electionlineWeekly looks at Bexar County, TX’s Email Ballots for Military Voters


[Image courtesy of Bexar County]

Mindy Moretti has a closer look at one of the (non-Virginia) stories making news in this week’s electionlineWeekly:

Jacquelyn Callanen, elections administrator for Bexar County, Texas has been testing programs to help service members from the four military installations in her county vote since 2006.

For almost a decade Callanen and her staff have been trying a number of different ways — including fax and email — to quickly and securely get ballots to and more importantly from service members serving abroad.

And finally, with legislative approval, Callanen thinks they’ve found the solution.

“We’re really excited about this,” Callanen said from her office while working to conduct yet another special election in the county. “We have worked really hard on this for many, many years.”

Under a bill approved by the Texas Legislature, in 2014 Callanen was allowed to not only email ballots to service members, but she was also able to accept voted ballots via email from military members serving in hostile fire zones.

According to a report from the secretary of state’s office, the pilot program in Bexar was a success even if the numbers were small. In the May 2014 primary the county received three ballots via email and in the November 2014 general election eight ballots were returned via email.

Service members must first sign an affidavit confirming that they are indeed in a hostile fire zone. Then they are assigned a one-time use secure email address, are sent their ballot, allowed to vote it and return it to the county.

“It took a lot of push and shove,” Callanen said “[Because] the presumption was that it was so close to Internet voting. We had to make sure it was absolutely secure.”

The county has a dedicated computer set up in the tabulation room to receive the ballots. Only three people in the office, all who have also signed sworn affidavits, including Callanen, have access to the computer. Once received, the ballot is remade onto an optical scan ballot, put in a secrecy envelope and treated like any other ballot.

There were of course some hiccups with the program with the largest being bounceback emails from the initial contact with the voter. To fix that following the primary, Callanen says her office first emailed the service members to let them know their ballot is coming in a certain number of days. If there is a bounceback, staff reviews the address on the initial absentee ballot application. Callanen noted that this problem could be easily overcome if voters were allowed to register to vote online and apply for an absentee ballot as well.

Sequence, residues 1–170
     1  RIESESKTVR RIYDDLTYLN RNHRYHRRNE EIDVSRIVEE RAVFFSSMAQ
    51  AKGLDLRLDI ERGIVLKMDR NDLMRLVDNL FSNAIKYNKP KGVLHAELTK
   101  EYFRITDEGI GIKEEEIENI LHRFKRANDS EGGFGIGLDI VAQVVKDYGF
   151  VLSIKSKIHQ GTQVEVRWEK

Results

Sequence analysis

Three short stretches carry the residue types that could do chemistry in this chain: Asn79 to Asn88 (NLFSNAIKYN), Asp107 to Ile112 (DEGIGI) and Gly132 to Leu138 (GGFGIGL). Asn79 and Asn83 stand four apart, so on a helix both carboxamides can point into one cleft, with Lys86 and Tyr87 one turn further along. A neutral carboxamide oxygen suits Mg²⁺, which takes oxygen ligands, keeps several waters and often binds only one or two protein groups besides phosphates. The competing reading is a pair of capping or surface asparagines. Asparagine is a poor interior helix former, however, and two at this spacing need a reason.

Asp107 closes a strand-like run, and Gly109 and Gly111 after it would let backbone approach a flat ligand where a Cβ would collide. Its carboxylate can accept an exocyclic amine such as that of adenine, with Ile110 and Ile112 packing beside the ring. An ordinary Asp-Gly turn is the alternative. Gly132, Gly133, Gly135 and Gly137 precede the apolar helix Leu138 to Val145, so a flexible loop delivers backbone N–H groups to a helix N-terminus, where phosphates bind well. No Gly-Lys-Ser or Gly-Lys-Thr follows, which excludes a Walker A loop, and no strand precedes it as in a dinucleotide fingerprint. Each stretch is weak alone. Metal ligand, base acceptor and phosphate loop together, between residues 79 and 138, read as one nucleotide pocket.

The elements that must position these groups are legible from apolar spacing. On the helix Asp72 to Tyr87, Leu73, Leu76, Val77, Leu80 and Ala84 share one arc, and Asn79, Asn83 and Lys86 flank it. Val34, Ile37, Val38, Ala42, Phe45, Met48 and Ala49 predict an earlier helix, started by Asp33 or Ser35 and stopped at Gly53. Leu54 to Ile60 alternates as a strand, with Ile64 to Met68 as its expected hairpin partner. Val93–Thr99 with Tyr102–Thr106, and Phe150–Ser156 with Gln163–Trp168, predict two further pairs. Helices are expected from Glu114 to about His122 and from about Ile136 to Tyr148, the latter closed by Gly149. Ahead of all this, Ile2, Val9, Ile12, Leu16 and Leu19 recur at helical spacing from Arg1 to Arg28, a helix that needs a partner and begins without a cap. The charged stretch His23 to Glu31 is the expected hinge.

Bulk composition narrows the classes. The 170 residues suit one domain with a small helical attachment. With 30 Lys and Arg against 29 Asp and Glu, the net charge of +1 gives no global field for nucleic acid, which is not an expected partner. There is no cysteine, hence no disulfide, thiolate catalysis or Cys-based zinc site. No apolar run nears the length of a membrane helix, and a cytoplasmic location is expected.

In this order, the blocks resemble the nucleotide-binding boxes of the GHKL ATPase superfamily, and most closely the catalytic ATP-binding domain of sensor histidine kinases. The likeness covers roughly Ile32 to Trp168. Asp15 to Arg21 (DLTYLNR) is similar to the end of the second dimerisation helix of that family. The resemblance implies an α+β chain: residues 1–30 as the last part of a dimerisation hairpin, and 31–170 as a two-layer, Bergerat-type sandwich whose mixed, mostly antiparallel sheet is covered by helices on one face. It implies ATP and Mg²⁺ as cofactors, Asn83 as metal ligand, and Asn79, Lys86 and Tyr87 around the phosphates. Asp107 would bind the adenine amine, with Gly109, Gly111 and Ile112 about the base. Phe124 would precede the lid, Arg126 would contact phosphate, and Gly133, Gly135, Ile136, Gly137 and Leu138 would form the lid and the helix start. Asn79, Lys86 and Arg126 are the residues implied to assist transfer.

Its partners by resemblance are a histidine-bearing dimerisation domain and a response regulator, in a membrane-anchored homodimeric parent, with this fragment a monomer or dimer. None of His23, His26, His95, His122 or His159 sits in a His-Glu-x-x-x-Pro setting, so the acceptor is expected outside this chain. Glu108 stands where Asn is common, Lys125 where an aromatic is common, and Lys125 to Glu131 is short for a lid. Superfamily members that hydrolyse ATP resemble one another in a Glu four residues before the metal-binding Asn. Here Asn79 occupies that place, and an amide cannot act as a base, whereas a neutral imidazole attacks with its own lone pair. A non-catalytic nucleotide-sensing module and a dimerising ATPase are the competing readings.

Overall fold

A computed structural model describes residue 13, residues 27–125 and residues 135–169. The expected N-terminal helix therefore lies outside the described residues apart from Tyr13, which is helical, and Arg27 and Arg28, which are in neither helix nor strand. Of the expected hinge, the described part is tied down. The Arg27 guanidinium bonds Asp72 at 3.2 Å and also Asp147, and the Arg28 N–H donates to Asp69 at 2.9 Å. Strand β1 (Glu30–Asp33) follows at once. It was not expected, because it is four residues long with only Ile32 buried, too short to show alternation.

The fiscal impact, according to Callanen was small and ultimately will save the county money.

“We did this on a thin dime,” Callanen said. “Sure it takes some time to have the computer people set up the emails, but we’ve gone from mailing thousands of ballots to emailing them.”

Following the elections, Callanen surveyed the service members using Survey Monkey to find out how they felt about the process and got back more responses to the survey — 117 — than they did ballots.

“The general response was that it’s wonderful,” Callanen said. “I wish you could see the raw, unedited comments we got.”

Callanen said the service members not only appreciated the security of the system but especially, because the ballots were emailed, it gave the service members time to actually study the ballot, candidates and issues.

While the program proved successful for Bexar County and the military members who used it, the secretary of state’s report recommended to the Legislature that pilot program should be expanded to include other counties with large military populations to achieve a larger sample size of data.

Sen. Donna Campbell (R-New Braunfels) has introduced SB1115 that would extend the pilot program until 2017 and directs the secretary of state’s office to include additional counties in the program. The bill was referred to the State Affairs Committee that reported the bill favorably without amendments.

“While we would wait to name additional counties until after expansion of the pilot program has been approved, two criteria for selecting a county would be a significant population and the technical capabilities to conduct the program,” said Alicia Phillips Pierce, communications director for the Texas secretary of state’s office.

One of those potential counties is Bell County, home to Fort Hood and approximately 45,000 service members and their families.

Shawn Snyder, elections administrator for the county said that no one has contacted his office yet about a possible expansion of the pilot program, but they would be very interested.

“If given the opportunity, we would be very interested,” Snyder said, noting that while turnout fluctuates based on the election, in the past the county has had to send out thousands of absentee ballots. “The new program would have the capacity to help out hundreds of Bell County voters who find themselves in hostile fire zones.”

Callanen is thinking even bigger.

“I think the next iteration would be to just any military members and eventually their families,” Callanen said. “It was fantastic to mail the ballots out to the service members, but then everyone else said hey, what about me?”

As I’ve noted before, interest in electronic return of ballots, especially by military and overseas voters, is growing day by day. I’m guessing advocates may have considerable (and well-founded) concerns about this effort, but it’s proof that the “someday” for online voting is probably closer than most people think.

Stay tuned … and thanks as always to Mindy for going where the news is breaking!

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